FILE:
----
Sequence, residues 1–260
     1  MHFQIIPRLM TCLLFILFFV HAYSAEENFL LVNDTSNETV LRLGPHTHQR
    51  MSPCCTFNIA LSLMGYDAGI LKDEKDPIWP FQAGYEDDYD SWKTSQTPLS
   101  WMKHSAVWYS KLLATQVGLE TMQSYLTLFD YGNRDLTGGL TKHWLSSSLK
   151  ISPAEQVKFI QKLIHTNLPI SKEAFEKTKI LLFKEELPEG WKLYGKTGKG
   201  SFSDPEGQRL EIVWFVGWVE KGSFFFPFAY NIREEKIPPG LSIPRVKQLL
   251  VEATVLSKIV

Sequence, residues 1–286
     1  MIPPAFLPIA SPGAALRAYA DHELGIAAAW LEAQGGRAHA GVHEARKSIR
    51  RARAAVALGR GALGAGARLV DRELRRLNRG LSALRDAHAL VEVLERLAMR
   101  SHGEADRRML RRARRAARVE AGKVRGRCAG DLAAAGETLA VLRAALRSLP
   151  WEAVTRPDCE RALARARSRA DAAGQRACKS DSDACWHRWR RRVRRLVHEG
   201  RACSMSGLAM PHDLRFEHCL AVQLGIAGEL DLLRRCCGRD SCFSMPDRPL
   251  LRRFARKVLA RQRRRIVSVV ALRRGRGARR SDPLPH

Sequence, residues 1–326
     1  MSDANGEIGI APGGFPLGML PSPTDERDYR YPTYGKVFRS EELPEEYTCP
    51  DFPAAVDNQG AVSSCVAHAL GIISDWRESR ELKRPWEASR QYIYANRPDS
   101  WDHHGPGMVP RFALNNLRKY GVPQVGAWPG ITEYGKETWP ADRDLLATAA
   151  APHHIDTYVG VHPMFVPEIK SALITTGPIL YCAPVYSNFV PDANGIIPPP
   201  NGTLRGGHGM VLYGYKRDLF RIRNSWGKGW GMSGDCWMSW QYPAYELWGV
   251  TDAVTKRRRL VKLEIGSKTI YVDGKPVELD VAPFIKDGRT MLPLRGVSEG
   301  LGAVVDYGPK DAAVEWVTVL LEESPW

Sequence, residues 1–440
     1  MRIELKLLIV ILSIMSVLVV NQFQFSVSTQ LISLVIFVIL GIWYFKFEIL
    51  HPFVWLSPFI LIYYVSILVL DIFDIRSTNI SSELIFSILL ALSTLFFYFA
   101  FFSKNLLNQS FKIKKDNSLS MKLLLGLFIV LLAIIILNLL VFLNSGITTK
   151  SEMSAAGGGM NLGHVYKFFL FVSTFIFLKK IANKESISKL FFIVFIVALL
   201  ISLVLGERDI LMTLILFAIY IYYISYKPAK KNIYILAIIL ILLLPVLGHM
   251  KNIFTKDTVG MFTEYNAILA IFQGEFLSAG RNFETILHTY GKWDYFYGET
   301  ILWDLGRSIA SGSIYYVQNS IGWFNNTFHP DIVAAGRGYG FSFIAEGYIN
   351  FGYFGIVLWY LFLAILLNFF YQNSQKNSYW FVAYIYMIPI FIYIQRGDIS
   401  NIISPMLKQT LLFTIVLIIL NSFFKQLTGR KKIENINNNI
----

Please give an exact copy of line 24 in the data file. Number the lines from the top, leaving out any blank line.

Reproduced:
     1  MRIELKLLIV ILSIMSVLVV NQFQFSVSTQ LISLVIFVIL GIWYFKFEIL